Taking Care of a Disabled Dog: 5 Tips to Help Your Pet

It is heartbreaking to see an over enthusiastic puppy slowly turn into an aging dog that can hardly move around on his/her own, but it does happen to a lot of our canine friends. On the other hand, disorders and diseases can also disable a young, energetic dog, which is perhaps even more heartbreaking to see and experience. While recovery isn’t always an option unfortunately, there are ways for dog owners to make the life of their disabled pets a lot easier and we are now going to discuss five proven methods next.

Get Your Pet a Wheelchair

In general, all dogs love to and need to run, jump and play every day of their lives. When that is taken away from them, it results in canine depression and further physical degradation as well. On introducing a doggy wheelchair into a disabled dog’s life, and after teaching them to move with it on their own, the results are excellent both in terms of canine happiness and health. If you are looking for the best dog wheelchair available in the US, look no further than K9 carts. Their staff will even work with the dog and the dog owner after the wheelchair has been made to help them get accustomed to the feel of everything and also to make adjustments in the product itself, if necessary.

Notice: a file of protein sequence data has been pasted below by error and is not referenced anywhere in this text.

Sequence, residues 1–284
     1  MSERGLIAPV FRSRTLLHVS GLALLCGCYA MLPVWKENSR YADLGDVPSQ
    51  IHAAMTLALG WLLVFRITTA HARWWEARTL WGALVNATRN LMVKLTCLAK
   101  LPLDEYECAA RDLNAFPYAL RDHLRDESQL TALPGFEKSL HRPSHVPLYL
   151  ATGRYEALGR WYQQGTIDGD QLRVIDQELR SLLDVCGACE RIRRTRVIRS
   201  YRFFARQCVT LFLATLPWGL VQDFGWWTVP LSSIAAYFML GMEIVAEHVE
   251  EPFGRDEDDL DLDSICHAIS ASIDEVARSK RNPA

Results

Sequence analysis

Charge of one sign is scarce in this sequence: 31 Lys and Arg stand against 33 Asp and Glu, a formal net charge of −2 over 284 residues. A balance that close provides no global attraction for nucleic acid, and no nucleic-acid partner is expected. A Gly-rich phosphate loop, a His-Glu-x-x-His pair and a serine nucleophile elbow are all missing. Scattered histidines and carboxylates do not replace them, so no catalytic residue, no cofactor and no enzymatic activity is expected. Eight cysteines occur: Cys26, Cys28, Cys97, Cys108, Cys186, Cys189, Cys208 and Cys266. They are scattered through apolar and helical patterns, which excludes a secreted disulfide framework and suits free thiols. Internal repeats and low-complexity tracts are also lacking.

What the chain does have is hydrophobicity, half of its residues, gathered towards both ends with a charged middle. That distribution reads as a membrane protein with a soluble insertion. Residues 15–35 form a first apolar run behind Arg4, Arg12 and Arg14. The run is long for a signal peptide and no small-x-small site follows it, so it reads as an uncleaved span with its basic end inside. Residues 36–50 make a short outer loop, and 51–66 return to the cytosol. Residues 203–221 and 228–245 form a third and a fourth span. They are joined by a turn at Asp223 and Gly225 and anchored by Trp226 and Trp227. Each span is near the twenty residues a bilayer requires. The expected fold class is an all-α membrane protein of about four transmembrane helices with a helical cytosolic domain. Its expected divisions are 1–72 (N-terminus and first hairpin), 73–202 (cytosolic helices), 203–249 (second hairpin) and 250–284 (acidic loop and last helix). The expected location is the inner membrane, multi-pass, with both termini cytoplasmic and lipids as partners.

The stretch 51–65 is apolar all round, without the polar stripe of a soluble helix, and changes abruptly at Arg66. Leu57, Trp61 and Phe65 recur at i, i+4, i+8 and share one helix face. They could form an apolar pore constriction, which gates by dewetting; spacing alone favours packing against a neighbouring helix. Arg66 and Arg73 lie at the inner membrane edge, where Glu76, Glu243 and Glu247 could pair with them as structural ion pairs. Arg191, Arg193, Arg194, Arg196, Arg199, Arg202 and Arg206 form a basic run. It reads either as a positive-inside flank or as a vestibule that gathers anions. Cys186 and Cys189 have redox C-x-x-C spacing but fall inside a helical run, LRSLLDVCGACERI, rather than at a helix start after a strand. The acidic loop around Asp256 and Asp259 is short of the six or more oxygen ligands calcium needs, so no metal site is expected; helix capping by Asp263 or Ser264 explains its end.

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Make Your Floor Comfortable

If your dog isn’t fully paralyzed and can walk around on his/her own with some difficulty, the softer the floor is for your dog, the better. Place carpets or rugs on hard cold floors, especially in places where the dog moves around the most. Aside from the floor, also make sure that the bed is soft and big enough for the poor pooch to sleep comfortably in.

Change Your Dog’s Diapers Often

In case your pet is unfortunate enough to have suffered a disorder or an injury that has left the dog unable to poop and pee outside, use diapers and change them often to avoid infections and germs from making the dog even more sick.

Make Special Provisions for Blind Dogs

Blind dogs can land themselves in a lot of trouble, but if nothing else is affecting the dog’s health, it is a disability that they can learn to overcome, up to a great extent. Still, you will need to follow a few precautions for both helping and keeping your blind dog safe:

  • Use baby gates to seal off areas such as stairs that the dog can fall down
  • Keep the food and water bowls in the same place every day
  • Make sure there is nothing sharp on the floor
  • Invest a bit of time in training your blind dog

Continue the Treatment

The trips to the vet should not stop and neither should the meds, but you can always take a second opinion. Maybe a new vet would be able to better treat the disability than the previous one, although there’s no guarantee of that. The main idea is to never give up hope and stop the treatment.

Putting down a pet should be the very last option and even then, you should only consider it if the dog is in considerable pain and multiple vets have confirmed that he/she cannot recover from the injury/illness. More often than not, disabled pets are able to live out long and happy lives if they have owners who really care about them.

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